Healing After My Sexual Assault
Some time ago, in a conversation with a woman, I shared my experience as a survivor of sexual assault. To my surprise, she burst into tears and revealed that she too had been assaulted years ago and had never spoken about it to anyone. In her cry, I recognized shame and pain similar to the one I had felt when I could barely begin to process what had happened to me. After my conversation with her, I have carried out many other conversations with other folks and have found that like her, many others, especially people of color, are not allowed themselves to speak about the traumatic experiences which they have endured. Instead, we bury these traumas much as the women who came before us.
In light of the recent high profile sexual assault cases coming out…
In Mexico, the expression “Hija de la Chingada” is a common saying. Mexicans are said to be los hijos de la Malinche. From inception, children born out of violence and rape. Rape made possible through our machista culture that silences our mujeres. In Latinx communities as well as other communities of color, rape is often only murmured about, ignoring the fact that these murmurs produce generational trauma that carries on in our families and society at large. In many of us grew up listening to our mothers tell us to never go near that tio or primo when we were alone, but these things were only said in whisper: never to be addressed out loud in fear of tarnishing their reputation as a man.
Sadly and not surprisingly many of us still carry this attitude towards sexual assault ingrained in us. The perpetrator almost always goes unpunished and unperturbed while the survivor is left to carry the burden and keep quiet. We shame the survivor and make them believe that it was their fault, that somehow they should have known better. But in holding these attitudes, we do not allow the survivors to heal and are complicit in allowing the cycle of sexual assault to be perpetuated further by refusing to address the issue.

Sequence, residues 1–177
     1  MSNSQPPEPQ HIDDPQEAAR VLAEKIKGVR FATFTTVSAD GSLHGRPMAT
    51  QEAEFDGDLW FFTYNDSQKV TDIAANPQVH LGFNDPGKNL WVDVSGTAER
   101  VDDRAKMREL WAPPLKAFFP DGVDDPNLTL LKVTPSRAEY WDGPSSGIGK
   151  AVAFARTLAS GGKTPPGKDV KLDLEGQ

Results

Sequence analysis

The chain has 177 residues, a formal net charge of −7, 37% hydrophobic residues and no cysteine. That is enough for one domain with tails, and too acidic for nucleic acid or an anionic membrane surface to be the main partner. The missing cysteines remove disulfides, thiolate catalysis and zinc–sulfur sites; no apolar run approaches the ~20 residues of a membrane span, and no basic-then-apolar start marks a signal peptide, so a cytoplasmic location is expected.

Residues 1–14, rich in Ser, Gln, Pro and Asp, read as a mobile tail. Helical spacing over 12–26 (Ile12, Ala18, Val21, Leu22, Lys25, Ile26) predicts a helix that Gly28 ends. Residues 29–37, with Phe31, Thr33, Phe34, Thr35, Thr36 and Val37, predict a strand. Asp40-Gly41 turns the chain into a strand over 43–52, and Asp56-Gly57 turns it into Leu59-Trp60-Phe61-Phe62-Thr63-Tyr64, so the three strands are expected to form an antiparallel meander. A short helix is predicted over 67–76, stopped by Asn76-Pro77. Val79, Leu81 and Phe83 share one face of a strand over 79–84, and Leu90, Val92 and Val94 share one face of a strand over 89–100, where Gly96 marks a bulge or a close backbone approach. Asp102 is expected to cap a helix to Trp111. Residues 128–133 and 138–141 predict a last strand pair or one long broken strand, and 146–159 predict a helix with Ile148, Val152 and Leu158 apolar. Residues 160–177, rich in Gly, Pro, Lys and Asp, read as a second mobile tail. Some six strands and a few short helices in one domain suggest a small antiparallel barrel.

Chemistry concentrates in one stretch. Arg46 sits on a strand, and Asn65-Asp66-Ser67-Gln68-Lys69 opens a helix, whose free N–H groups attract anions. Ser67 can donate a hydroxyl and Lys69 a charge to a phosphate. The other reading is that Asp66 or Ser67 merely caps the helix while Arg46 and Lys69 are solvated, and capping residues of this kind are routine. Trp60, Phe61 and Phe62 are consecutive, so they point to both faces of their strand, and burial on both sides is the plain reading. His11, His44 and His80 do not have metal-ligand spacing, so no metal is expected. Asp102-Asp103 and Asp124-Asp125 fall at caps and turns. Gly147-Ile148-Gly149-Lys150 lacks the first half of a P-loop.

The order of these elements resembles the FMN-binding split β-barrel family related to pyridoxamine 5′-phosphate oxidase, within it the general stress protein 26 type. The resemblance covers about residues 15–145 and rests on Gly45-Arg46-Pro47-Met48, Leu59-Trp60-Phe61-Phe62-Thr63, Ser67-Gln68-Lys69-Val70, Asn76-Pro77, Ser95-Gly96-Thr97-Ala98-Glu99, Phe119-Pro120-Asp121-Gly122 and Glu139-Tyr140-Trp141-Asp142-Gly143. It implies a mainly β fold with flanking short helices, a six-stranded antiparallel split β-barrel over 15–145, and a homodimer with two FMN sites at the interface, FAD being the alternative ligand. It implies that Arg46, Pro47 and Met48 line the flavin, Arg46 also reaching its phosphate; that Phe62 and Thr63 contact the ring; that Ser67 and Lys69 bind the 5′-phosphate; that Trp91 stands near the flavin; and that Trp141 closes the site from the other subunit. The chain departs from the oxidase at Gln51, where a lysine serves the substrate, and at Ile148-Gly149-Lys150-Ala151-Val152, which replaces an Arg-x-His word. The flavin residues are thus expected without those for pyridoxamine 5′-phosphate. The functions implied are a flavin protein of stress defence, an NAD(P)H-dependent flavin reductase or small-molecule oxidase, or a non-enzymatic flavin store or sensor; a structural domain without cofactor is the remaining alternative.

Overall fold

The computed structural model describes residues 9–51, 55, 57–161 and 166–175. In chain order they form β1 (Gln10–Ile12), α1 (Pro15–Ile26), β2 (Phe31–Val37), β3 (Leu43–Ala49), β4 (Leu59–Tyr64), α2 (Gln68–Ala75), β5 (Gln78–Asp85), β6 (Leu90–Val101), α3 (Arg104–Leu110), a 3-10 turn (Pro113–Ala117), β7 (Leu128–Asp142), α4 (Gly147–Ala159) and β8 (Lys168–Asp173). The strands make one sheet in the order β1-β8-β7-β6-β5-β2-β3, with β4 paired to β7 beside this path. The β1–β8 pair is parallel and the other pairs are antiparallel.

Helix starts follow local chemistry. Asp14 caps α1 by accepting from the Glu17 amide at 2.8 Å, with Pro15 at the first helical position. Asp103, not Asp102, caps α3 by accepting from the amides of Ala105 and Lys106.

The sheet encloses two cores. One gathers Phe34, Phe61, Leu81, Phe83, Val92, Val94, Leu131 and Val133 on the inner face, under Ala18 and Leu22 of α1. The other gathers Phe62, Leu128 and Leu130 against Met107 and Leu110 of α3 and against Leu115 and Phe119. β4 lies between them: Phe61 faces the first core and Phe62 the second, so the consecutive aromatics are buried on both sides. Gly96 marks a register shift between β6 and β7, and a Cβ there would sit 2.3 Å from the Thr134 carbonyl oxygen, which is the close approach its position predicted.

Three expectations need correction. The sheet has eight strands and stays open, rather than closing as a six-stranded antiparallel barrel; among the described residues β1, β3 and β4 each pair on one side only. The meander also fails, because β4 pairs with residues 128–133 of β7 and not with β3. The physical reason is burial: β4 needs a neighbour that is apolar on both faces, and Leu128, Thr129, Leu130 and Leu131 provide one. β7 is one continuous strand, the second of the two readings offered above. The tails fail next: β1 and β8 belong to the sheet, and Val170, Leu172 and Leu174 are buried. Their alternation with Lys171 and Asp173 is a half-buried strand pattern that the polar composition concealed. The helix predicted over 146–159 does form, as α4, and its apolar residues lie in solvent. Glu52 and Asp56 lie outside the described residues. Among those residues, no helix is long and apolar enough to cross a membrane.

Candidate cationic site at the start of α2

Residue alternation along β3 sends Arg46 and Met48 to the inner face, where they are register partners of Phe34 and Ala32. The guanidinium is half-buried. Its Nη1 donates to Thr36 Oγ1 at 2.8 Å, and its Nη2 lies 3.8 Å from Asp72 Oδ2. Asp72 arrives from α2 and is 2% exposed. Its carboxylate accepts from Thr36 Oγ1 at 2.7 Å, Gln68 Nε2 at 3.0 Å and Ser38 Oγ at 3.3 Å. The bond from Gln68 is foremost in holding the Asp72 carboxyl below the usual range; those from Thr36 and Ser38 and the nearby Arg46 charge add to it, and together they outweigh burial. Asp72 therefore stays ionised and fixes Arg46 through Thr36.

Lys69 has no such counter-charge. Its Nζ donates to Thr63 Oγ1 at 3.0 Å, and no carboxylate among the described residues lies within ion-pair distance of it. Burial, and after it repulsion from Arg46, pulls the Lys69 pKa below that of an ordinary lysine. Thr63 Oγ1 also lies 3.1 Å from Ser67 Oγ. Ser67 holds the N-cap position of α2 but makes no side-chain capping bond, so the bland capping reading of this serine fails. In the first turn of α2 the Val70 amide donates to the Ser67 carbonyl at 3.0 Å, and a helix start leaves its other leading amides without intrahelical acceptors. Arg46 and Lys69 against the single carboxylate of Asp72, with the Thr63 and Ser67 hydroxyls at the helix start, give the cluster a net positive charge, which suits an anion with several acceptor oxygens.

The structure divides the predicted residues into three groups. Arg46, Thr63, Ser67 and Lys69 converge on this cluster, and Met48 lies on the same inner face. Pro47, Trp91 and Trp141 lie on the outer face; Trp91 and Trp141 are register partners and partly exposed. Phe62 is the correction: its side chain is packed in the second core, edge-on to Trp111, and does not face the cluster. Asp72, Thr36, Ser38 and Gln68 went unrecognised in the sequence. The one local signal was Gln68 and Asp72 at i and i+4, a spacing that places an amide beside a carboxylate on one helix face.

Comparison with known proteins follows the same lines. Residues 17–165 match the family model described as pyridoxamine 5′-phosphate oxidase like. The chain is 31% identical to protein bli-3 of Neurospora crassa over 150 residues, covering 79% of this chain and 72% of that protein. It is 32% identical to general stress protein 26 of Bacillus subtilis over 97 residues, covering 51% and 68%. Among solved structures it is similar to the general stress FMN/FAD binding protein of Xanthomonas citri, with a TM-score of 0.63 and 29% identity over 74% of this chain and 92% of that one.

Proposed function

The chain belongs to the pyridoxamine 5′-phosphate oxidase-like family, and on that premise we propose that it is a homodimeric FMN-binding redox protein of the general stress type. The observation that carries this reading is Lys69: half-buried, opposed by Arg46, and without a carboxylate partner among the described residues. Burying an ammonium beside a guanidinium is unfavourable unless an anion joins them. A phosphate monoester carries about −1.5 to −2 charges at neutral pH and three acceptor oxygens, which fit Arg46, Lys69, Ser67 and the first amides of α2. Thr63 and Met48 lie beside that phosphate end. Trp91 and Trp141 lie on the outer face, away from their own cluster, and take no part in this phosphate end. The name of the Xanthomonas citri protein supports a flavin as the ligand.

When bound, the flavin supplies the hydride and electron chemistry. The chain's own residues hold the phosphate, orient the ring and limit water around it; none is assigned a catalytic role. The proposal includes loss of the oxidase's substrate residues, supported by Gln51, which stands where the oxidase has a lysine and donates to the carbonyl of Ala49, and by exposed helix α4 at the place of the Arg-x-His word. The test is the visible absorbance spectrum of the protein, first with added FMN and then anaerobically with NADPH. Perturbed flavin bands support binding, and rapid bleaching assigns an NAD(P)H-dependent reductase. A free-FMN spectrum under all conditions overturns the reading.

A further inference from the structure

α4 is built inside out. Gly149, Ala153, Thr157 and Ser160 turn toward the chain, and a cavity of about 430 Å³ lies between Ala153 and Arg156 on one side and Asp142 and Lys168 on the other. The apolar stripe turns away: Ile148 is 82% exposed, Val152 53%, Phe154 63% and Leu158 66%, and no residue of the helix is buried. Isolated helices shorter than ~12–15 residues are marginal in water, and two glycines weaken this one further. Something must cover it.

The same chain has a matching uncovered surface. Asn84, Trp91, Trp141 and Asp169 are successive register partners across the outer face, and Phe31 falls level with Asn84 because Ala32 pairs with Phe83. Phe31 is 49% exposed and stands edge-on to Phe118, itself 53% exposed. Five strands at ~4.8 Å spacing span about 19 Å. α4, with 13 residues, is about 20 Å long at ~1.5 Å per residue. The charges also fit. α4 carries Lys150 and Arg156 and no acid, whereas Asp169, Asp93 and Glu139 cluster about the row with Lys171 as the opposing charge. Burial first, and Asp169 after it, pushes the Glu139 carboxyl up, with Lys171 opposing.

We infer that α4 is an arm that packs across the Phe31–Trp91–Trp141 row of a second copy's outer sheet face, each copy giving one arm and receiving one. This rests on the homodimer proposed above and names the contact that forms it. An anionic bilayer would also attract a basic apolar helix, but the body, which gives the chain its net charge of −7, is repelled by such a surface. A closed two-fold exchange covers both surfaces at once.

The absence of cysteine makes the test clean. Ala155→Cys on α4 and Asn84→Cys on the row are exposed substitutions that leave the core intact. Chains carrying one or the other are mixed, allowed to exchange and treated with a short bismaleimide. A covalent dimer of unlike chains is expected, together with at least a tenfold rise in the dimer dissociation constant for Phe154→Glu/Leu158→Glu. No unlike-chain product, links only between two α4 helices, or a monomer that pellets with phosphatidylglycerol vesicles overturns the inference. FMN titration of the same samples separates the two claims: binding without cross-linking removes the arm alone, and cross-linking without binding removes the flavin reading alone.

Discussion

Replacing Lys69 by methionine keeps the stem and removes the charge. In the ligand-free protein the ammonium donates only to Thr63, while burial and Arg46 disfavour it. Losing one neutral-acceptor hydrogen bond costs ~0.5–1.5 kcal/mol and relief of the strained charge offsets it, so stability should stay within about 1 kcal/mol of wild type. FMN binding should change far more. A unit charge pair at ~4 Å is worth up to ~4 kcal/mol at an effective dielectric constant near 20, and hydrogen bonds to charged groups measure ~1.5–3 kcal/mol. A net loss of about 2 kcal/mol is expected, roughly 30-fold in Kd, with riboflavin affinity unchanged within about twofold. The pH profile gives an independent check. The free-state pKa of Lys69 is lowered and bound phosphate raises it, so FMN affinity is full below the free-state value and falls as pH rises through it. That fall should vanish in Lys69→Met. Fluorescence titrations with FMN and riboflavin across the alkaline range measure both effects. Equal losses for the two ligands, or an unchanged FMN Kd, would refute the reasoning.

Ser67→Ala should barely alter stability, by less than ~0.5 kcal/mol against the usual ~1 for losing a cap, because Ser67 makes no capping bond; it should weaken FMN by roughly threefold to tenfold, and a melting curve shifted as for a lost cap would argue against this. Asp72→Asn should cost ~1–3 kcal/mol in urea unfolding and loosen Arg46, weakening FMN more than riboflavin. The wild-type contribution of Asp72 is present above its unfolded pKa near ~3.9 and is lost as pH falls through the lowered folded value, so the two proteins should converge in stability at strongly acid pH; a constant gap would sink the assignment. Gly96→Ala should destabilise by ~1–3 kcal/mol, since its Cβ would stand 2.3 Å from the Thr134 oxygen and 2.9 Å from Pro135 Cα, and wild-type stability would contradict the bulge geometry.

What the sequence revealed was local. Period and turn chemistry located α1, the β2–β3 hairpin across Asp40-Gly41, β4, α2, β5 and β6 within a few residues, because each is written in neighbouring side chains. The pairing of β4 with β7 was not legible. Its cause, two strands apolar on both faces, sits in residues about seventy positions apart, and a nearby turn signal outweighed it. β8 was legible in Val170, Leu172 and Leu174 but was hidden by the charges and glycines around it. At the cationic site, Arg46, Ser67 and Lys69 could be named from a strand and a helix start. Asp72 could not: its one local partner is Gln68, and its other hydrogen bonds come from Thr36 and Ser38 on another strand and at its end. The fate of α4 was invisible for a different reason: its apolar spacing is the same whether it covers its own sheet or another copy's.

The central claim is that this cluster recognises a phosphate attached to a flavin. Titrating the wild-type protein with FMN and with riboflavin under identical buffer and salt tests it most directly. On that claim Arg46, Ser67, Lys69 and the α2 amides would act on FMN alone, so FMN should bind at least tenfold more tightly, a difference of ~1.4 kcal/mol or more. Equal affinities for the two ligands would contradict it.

A couple of years ago, I was sexually assaulted. It took me years to process what had happened to me and finally admit to myself that it had not been my fault. All my life I had been been socialized into believing that when it came to rape it was best kept a secret, as it would reap nothing but shame for one’s self. For years, I carried that burden with shame and guilt for having allowed that to happen to me. Until I realized this was not healthy and that in order to heal I needed to address what had happened to me, and put myself first.
I embarked on a journey of radical self- love and healing, opening up to friends and siblings about my experience, started going to the gym and doing little things that made me feel empowered and in control over my own life and body once again. Little by little, I have learned to be gentle with myself and trust men again. It has been a long process of unlearning much of the bullshit taught to us but it has been such a worthwhile journey to regain me, one which I hope for every survivor to embark.
In light of the recent high profile sexual assault cases coming out I hope for this: I pray that this will open the door to much needed awareness on sexual assault prevention and that blaming the victim is never the answer. That people, especially women of color feel comfortable to speak about their experiences as survivors and begin the process of healing. Historically, women of color have been silenced countless times, their labor gone unappreciated and it is time to start making their well being a priority. It is traumatic enough to be a survivor of sexual assault and to have to worry about the repercussions of trying to seek physical and emotional help afterwards.
I pray that women of color who have gone through assault to know they are not at blame, that they do not have to carry the burden alone and that the trauma that has been inflicted upon them does not dictate who they are. I pray that we may think critically in how we address survivors, rape culture and that we do not shy away from the important and uncomfortable conversations this may bring. Only then will we begin to see the changes in our culture that are so very needed.
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Community Submitted // Liz Muñoz
cabrona y cachetona, pero bien cariñosa